DARPA wants fast aircraft that don’t need runways

DARPA invites designers to redefine aircraft that can fly quickly and take off and land without runways. Earlier this month, DARPA announced an upcoming “Proposal Day,” to be held March 23, when the Pentagon’s blue-sky project wing will offer input to designers and companies on an initiative it calls SPRINT, which stands for Technologies Independent Speed ​​and Runway Technologies (SPRINT) X-Plane Demo Program. In 42 months, or three and a half years, DARPA hopes to have a demonstration flight of a new plane through the program.

As the name suggests, SPRINT is looking for a fast aircraft, or at least a plane capable of going fast over short distances. The program specifically seeks to develop an aircraft that can travel at 400 knots or 460 mph. This is much lower than the cruise speed of a fighter like the F-16, although it is much faster than the cruise speed of Black Hawk helicopters, which may be the most relevant issue. That’s because the other aspect of SPRINT is that the aircraft should be able to hover in austere environments, such as fields or deserts, without the specific paved infrastructure of a runway or a helipad.

“The objective of the SPRINT program is to design, build, certify and fly an X-plane to demonstrate enabling technologies and integrated concepts necessary for a transformative combination of aircraft speed and runway independence for the next generation of air mobility platforms” , DARPA reports. announcement.

While the open sky is vast, runways remain one of the most demanding parts of flight infrastructure. Once built, a runway is relatively easy to repair after an attack, provided no planes were destroyed at the time of the incoming bombs and missiles. But clearing runway and hangar space, as well as crew and aircraft maintenance, creates a durable target visible from space. As United States war planners explore options should war break out in the Pacific region, the known and fixed locations of existing runways could leave aircraft vulnerable to a surprise attack. Even without the surprise, once airplanes are in the air, they will need a runway, and the loss of that surface can lead to, at best, hard landings on unprepared terrain that damage the airplane and endanger the pilot.

[Related: Bell wants to soup up tilt-rotor aircraft by adding jet engines]

DARPA announced SPRINT on March 1st. The shape of the new vehicle is unspecified, Defense One’s Patrick Tucker reported. “It could be a new form of helicopter, or perhaps a vertical takeoff and landing aircraft that could fly even faster.” Tucker also noted that the DARPA director “deliberately avoided calling the program a vertical lift effort, and an accompanying slide showed two artists’ concepts that did not look decidedly like a helicopter.”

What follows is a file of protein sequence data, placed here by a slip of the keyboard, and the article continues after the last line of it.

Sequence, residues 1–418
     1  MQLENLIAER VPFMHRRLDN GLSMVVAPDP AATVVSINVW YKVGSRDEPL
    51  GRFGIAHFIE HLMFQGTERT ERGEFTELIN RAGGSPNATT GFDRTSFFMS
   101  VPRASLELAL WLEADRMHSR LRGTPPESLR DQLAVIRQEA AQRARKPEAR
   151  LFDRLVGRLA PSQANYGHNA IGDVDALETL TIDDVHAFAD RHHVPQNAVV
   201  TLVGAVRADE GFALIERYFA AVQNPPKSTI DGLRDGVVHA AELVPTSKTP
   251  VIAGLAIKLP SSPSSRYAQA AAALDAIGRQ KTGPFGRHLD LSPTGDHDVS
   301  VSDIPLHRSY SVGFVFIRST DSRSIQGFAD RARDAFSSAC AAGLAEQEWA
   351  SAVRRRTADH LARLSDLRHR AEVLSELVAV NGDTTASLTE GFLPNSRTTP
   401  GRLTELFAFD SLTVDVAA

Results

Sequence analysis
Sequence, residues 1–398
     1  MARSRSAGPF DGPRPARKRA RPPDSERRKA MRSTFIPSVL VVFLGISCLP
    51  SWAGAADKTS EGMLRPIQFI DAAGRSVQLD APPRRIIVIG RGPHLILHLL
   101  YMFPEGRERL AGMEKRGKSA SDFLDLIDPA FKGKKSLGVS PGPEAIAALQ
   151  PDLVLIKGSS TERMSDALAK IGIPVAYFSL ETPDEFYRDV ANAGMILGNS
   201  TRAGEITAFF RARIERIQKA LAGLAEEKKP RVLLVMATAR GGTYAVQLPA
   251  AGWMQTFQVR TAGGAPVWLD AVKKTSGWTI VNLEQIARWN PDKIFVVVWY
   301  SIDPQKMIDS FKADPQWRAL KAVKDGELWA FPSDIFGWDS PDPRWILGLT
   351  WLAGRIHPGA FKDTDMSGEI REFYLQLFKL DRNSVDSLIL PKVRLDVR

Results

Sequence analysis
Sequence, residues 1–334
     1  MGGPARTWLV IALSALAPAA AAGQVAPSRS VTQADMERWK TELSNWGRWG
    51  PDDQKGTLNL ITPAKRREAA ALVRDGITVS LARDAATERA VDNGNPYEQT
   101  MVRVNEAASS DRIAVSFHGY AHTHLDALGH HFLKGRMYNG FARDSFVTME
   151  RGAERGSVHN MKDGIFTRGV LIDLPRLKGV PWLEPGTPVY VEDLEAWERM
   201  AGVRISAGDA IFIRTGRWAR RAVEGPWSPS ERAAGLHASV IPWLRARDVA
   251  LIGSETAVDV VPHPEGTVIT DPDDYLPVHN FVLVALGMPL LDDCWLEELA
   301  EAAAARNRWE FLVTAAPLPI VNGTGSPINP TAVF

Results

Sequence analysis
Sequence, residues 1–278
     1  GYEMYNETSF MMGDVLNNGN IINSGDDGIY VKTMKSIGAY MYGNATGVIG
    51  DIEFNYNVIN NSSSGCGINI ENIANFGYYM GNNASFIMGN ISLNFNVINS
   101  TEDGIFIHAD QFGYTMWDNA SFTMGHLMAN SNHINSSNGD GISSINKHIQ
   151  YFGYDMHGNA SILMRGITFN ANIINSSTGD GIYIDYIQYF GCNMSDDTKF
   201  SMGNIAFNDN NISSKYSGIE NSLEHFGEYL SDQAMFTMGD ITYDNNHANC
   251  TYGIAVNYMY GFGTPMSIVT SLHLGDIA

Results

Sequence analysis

Helicopters, of course, have long been the most reliable form of vertical takeoff, although their design comes with significant limitations in speed and efficiency. Matching a helicopter’s runway independence with the speed and endurance of fixed-wing flight is a problem the military has tried to solve for decades. The most successful variations followed one of two paths. There are tilt-rotor planes, such as the V-22 Osprey and the upcoming V-280 Valor, which have high-mounted wings and rotors that rotate parallel to the ground for takeoff, before turning at a different angle for forward flight. The Osprey can land in austere environments, provided there is clearance for the rotors, although in normal conditions the planes fly and land on special pads at military bases.

The other path, seen on the Harrier Jump Jet and the F-35B stealth fighter, uses an exhaust vent from a jet engine to lift the plane into the sky, before rotating for forward thrust. This enormous amount of heat and power has led to speculation, especially in F-35 development, that the engine would destroy all but the most specially prepared landing pads.

The program is called SPRINT. DARPA

None of the designs presented by DARPA commit to these traditional vertical take-off or landing (VTOL) approaches. One, a silver-shiny image of an airplane with jet-like ducts and folded blades at the ends, has wings arranged like a tilt. In high-flying concept art, the engines used for vertical lift are idle, leaving even more powerful systems to propel the plane into the sky. The V-22 Osprey has a cruising speed of 310 knots, while the V-280 Valor has a cruising speed of just over 280 knots. Both planes have higher terminal speeds for, er, sprinting, but getting to higher cruising speeds will likely mean abandoning rotor motors as the primary form of propulsion, even if they can tilt.

In the other DARPA concept drawing, the image appears as a rendering of a flying wing, reminiscent of the B-2 or B-21 bombers, but with a V-shaped tail. The engines are suggested to be even larger than seen here, with space for fans or rotors that provide vertical lift to the vehicle body, while jet intakes suggest a means of forward propulsion.

This concept art is a type of vision board for what DARPA is trying to achieve. Acquiring a new kind of plane that can fly without runways, helipads or other external infrastructure could extend to where planes operate. Making sure the plane flies fast could make it useful for more tasks than those already performed by helicopters, expanding the scope of what the military can do. And, ultimately, DARPA’s mission isn’t to design finished products—it’s to explore new spaces, believing that once the technology demonstration hurdle is cleared, others will figure out how to bend that new technology into useful form.

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